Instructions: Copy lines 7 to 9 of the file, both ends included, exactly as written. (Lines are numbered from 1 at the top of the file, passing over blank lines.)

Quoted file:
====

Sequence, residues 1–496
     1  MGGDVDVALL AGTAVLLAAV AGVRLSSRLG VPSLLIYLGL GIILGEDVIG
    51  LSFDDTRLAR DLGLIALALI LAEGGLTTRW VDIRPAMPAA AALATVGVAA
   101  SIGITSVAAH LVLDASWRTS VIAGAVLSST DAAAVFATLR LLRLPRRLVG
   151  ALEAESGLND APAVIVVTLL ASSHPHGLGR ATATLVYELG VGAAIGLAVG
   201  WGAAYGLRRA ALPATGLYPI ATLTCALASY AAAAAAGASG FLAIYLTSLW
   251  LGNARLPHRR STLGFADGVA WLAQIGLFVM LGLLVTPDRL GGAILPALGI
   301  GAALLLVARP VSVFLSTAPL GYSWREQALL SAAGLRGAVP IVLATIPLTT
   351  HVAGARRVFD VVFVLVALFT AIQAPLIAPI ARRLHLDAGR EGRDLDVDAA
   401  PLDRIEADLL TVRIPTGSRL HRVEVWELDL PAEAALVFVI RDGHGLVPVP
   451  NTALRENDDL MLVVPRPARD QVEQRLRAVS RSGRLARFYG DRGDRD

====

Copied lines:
   251  LGNARLPHRR STLGFADGVA WLAQIGLFVM LGLLVTPDRL GGAILPALGI
   301  GAALLLVARP VSVFLSTAPL GYSWREQALL SAAGLRGAVP IVLATIPLTT
   351  HVAGARRVFD VVFVLVALFT AIQAPLIAPI ARRLHLDAGR EGRDLDVDAA